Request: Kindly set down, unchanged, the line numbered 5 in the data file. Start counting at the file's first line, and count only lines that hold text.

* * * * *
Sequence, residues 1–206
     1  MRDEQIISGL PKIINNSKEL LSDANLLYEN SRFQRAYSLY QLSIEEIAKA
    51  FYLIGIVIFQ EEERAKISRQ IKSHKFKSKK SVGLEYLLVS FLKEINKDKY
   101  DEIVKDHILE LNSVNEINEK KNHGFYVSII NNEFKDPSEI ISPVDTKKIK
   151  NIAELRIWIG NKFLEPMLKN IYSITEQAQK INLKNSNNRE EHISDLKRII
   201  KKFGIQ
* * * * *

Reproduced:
   151  NIAELRIWIG NKFLEPMLKN IYSITEQAQK INLKNSNNRE EHISDLKRII